Stocksbridge Weir, England

Removal of the Stocksbridge Weir will support the restoration of ecological connectivity of the River Don allowing species to move through the river and forage, breed and find shelter more effectively.

Introduction

The Don Catchment in northern England covers about 1700 km2 and includes the uplands of the Pennines in the west and lowlands in the east. At the downstream end, the River Don flows into the River Ouse shortly before it discharges into the North Sea through the Humber Estuary.

The region’s historical importance as a centre of metal working has resulted in the impoundment of the catchment’s rivers by over 200 weirs which were mainly built to divert river water to water mills. These structures are typically 1–3 m tall, with the incline of the downstream facing slope ranging from vertical to moderately steep. By the 18th century impoundments and severe water pollution caused the extirpation of the formerly abundant salmon population.

The catchment’s weirs are now thought to be inhibiting the return of diadromous migratory fish such as Atlantic salmon (Salmo salar) and sea trout (Salmo trutta morpha trutta), European eel, and sea lamprey (Petromyzon marinus), all of which must travel between marine and freshwater ecosystems to complete their lifecycles

As the water quality of the River Don has improved, so ambition has grown to address barriers on the river to restore ecological connectivity to facilitate the re-establishment of salmon and to increase the stability, abundance and distribution of populations of fish currently resident.

At a glance

Project typeDam removal (demolition)
Project statusComplete
Removal dateOctober 2023
CountryEngland
RiverDon
Km opened200m
Focal speciesAtlantic salmon, brown trout, grayling, and bullhead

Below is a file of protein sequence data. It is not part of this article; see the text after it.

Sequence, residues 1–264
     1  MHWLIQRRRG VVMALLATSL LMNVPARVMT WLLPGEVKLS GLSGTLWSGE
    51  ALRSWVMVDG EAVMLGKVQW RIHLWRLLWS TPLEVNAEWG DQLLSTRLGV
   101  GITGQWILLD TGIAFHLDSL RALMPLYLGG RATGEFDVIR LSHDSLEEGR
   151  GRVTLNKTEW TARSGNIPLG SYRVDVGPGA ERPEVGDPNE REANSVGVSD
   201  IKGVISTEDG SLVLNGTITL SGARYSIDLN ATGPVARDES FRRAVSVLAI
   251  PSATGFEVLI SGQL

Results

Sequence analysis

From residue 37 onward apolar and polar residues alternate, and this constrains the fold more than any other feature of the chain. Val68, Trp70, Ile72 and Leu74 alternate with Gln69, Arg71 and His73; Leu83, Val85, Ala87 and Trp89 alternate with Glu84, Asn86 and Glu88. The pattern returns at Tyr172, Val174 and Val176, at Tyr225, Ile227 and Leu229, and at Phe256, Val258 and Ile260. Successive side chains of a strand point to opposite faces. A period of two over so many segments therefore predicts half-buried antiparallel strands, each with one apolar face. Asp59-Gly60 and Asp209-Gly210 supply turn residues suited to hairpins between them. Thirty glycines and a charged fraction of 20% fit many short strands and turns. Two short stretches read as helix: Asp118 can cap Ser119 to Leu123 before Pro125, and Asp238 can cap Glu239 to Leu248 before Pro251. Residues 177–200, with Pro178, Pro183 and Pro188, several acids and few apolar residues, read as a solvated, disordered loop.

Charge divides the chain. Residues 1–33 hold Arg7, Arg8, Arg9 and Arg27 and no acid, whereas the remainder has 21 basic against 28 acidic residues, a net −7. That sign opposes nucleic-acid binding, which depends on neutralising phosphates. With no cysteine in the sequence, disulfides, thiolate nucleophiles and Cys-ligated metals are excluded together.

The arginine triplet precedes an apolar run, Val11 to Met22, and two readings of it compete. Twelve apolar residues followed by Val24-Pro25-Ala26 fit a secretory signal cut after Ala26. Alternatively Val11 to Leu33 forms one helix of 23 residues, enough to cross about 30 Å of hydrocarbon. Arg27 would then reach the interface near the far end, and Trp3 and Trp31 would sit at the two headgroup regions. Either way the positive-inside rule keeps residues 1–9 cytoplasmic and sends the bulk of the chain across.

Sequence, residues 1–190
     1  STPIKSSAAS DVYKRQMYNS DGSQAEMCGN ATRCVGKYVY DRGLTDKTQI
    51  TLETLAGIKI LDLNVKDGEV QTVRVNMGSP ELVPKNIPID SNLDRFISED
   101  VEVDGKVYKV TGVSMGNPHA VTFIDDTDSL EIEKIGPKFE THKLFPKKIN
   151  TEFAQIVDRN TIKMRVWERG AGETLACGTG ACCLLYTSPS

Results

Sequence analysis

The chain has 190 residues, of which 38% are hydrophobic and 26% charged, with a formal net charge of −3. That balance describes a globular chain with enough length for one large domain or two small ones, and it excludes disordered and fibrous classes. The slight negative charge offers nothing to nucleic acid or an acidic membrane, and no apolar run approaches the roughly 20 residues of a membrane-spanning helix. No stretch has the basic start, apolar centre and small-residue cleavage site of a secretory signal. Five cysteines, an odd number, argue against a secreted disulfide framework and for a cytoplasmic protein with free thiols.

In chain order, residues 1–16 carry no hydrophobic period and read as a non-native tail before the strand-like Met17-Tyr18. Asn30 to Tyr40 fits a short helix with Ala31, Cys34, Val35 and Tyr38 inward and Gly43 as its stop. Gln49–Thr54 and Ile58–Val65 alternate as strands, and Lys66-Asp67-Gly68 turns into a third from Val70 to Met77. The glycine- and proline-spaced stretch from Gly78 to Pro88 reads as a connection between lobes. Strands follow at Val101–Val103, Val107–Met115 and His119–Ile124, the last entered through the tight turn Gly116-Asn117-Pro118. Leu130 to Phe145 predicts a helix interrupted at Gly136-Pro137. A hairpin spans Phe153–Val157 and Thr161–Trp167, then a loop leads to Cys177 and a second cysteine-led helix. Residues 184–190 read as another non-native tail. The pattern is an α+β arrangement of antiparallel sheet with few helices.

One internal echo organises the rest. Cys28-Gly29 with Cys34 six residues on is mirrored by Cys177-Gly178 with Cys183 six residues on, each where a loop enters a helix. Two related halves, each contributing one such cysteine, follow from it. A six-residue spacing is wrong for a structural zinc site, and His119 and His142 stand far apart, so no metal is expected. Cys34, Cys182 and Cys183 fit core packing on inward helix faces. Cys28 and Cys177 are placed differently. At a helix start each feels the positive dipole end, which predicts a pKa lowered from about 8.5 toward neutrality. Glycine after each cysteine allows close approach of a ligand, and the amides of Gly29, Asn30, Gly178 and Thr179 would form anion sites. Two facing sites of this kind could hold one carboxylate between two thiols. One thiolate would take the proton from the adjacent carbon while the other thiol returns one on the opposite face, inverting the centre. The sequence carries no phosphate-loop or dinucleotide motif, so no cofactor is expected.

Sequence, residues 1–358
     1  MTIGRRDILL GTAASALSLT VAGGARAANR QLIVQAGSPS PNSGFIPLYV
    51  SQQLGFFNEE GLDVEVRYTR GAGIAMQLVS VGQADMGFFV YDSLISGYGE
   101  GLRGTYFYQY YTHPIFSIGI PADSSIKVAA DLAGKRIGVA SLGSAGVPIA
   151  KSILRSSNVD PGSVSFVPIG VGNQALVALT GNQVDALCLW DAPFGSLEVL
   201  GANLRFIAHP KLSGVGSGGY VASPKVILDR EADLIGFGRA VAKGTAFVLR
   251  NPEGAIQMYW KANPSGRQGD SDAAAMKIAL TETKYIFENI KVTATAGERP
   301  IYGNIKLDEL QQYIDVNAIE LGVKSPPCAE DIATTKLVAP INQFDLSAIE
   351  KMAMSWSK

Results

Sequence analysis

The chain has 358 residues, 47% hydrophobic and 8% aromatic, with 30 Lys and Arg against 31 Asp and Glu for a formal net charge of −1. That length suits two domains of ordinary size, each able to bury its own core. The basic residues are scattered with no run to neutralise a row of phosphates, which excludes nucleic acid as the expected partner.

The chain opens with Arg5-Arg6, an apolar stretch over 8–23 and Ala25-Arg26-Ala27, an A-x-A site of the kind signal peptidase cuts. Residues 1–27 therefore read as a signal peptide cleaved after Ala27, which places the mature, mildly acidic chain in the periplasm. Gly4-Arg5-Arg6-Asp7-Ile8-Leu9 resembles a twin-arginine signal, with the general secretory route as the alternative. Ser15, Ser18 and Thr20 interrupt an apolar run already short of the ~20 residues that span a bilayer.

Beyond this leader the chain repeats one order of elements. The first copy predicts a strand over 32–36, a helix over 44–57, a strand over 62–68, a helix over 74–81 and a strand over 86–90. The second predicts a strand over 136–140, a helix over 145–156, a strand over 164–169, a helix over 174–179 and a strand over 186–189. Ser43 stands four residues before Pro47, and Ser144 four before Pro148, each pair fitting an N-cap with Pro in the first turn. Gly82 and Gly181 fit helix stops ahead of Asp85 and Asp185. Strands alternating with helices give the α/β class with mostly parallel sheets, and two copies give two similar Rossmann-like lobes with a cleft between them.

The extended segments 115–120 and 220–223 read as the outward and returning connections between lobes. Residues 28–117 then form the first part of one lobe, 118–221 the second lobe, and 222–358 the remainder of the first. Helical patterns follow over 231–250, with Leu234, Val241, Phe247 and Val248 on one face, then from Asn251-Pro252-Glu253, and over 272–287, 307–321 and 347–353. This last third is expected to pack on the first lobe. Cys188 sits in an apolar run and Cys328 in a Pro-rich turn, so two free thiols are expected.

Websitehttps://dcrt.org.uk/

Project context and opportunity

Efforts to address barriers on the Don began in 2001, when a bypass channel containing a rock ramp was built by the UK Environment Agency to enable fish to circumvent Crimpsall Sluice, just upstream of Doncaster. Since then, many more fish passes have been built by a number of organisations. Unfortunately, it has often not been possible to remove many weirs as some still retain an important function, so fish pass installation has been the most common intervention type, which is an imperfect way of restoring ecological connectivity. Nevertheless, the work has resulted in sightings of salmon in the city of Sheffield for the first time in over 200 years.

Most of the best salmon spawning habitat on the River Don occurs upstream of Sheffield, and this length of river is now the focus of our attention. We plan to remove Stocksbridge Weir. Currently, nearly all of the weirs downstream of Stocksbridge Weir have been addressed, and there are plans in motion to deal with the two that haven’t. Stocksbridge Weir is 50 – 100 cm high depending on point along crest and about 20 m wide. While it isn’t a very tall structure, the shallow depth of water at the foot of the weir makes it a significant barrier to fish.

Project aims

Through the removal of this weir, it is hoped that Atlantic salmon will benefit from the project, but other fish that will immediately benefit include brown trout (Salmo trutta), grayling (Thymallus thymallus), and bullhead (Cottus perifretum). The restoration of ecological connectivity will enable these species to move through the river and forage, breed and find shelter more effectively. It will also confer much greater protection against local extinction of unique and locally-adapted genetic diversity due to improved prospects for gene flow between artificially-fragmented populations.

Furthermore, the weir removal will restore 250 m of river which currently is degraded by the impounding effect of the weir. This section of the Don should naturally be swift-flowing but instead is canal-like.

It is anticipated that the weir removal will have a major positive impact on fish populations and the wider riverine ecosystem. Research has shown that the restoration of ecological connectivity in another heavily impounded and formerly industrial catchment comparable to the Don Catchment resulted in a large increase in the abundance of brown trout and bullhead.

Project achievements

By removing a section of the weir, natural flows have once again been restored to a 200m section of river immediately upstream of the weir. This will also clear away fine sediment, leaving gravels, spawning habitats, and diverse riffle and pool habitats – essential for upland fish species to fully complete their lifecycle.

Partners

Don Catchment Rivers Trust

Environment Agency

Yorkshire Water